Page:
As the technology that powers wearables gets smarter, fashion brands are driving the next evolution of the wearable market. Currently, one in five adults wears a smartwatch or fitness strap and by 2020, the wearable tech market will be worth 30 billion euros globally – proving the market is one to watch.
To date, technical features have led the race, with most devices competing solely on battery life and capabilities. But technology is no stranger to fashion; from smart fabrics, models wearing Google Glass on the runway, to fashion designer Adam Selman sporting the next generation of payment-enabled dresses on the catwalk – wearable tech is increasingly claiming its place in fashion.
“With fashion shows taking place in New York, London and Milan this month and Mobile World Congress Barcelona about to get underway, there’s no better time to talk about the future of wearables. In the fashion world, trends such as athleisure remain steadfast. Meanwhile, technology is getting faster and smaller, speaking to those same consumers seeking minimalist and seamless, but well-designed options. Now technology and fashion brands need to work together to end consumer confusion over whether devices are fashion accessories, tech hardware or fitness tools.” said Jorn Lambert, Executive Vice President, Digital Solutions Mastercard.
Fashion and technology both act as extensions of oneself and for wearable technology to be attractive to consumers it must appeal to both. Be it a diamond cuff, a metallic watch, or gold-plated ring, smart jewellery that allows consumers to unlock new goods while looking good is essential to the next stage of wearable technology’s growth. It’s a promising way for brands to enter a new market and reach new, connected and digitally native customers – wearables are multi-use but cheaper than most mobile devices.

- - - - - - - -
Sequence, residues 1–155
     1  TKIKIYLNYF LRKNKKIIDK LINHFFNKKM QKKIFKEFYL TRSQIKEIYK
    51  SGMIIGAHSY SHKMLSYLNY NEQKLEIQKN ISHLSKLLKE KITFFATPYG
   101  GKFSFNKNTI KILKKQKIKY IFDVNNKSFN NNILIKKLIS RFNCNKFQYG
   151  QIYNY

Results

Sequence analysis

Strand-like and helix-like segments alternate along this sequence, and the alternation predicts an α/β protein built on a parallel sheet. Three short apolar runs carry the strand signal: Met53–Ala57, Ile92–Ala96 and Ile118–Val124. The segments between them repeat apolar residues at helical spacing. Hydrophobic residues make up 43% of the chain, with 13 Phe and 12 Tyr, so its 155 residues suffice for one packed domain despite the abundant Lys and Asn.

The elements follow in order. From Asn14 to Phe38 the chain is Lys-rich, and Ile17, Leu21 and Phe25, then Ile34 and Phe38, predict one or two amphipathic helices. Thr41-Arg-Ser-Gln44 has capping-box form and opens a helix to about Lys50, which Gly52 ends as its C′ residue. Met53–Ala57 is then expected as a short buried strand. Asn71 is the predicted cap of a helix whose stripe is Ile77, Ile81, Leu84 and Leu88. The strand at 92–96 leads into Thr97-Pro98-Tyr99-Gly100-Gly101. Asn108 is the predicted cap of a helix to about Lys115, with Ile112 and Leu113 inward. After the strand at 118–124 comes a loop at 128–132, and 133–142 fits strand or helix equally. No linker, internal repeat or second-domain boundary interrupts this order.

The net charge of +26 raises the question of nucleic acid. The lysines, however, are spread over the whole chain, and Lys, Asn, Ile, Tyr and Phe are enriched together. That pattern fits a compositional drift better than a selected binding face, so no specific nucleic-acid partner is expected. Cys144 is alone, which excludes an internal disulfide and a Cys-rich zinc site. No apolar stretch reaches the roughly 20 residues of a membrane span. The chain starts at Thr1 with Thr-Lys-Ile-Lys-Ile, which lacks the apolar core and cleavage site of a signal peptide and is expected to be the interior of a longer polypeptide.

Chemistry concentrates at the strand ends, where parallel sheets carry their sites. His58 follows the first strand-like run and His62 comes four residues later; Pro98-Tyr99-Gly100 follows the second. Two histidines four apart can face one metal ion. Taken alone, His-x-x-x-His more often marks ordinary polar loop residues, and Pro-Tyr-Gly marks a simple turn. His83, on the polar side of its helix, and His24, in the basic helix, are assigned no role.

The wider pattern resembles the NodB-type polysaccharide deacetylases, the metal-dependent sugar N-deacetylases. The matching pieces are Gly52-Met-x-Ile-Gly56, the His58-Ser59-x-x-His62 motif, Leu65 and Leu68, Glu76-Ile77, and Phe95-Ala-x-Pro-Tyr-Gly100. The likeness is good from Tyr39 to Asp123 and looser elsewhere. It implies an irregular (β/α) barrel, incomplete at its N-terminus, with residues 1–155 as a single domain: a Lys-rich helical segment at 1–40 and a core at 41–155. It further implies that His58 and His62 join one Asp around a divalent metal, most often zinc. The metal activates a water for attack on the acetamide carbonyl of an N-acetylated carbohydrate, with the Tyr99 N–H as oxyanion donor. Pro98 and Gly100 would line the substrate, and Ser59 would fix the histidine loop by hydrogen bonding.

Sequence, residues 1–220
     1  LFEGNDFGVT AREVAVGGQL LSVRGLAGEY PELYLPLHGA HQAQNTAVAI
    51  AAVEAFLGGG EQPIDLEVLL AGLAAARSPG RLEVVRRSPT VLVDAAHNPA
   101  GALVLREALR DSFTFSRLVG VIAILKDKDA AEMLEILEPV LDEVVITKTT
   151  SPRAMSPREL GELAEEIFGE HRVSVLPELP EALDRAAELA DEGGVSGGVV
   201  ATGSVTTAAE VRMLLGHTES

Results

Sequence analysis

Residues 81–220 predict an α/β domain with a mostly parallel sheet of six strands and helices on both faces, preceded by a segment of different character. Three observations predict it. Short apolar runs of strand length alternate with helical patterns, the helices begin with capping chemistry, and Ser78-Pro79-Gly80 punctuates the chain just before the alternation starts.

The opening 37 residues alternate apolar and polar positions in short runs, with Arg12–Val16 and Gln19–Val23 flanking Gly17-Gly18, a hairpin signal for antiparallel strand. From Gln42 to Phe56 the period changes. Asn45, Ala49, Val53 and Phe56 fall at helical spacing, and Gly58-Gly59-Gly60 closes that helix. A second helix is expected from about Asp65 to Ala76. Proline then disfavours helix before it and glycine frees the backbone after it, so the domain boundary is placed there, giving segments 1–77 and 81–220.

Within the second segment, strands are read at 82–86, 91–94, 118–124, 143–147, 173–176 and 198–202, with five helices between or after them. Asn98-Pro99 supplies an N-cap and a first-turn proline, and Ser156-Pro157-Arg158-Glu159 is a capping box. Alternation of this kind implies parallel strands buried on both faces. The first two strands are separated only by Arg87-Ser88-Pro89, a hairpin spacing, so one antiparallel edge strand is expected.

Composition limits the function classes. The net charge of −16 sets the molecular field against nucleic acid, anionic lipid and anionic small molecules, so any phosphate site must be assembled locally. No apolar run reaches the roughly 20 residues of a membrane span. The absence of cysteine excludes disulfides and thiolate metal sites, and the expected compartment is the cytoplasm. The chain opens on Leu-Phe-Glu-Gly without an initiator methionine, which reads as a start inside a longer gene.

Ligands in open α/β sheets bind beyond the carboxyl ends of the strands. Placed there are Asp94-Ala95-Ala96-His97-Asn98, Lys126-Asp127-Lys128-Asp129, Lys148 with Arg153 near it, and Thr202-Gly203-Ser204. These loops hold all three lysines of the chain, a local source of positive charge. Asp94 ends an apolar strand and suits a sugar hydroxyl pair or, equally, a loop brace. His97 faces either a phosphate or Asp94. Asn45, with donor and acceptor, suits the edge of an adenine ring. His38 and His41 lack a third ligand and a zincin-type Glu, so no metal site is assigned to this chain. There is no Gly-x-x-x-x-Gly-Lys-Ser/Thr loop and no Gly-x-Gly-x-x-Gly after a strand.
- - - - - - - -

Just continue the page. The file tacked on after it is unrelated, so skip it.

For technology providers, the challenge is making processes as smooth and unobtrusive as possible to empower fashion brands to design wearables that first and foremost look like high-end accessories. One of the first companies to enter this area was Sony with their smartwatch strap – Wena. The “Wear Electronics Naturally” strap is designed to make everyday activities easier to do by incorporating speedy contactless payment, advanced fitness tracking and direct link-ups for phone notifications – all into a luxury timepiece design.
Making the payment process as easy as a tap or a swipe means payment-enabled wearables will be the next phase of consumer desire for practicality infused with ‘Insta-ready’ looks. Indeed, payment-enabled wearables are already available in 21 EU countries and over 30 different devices.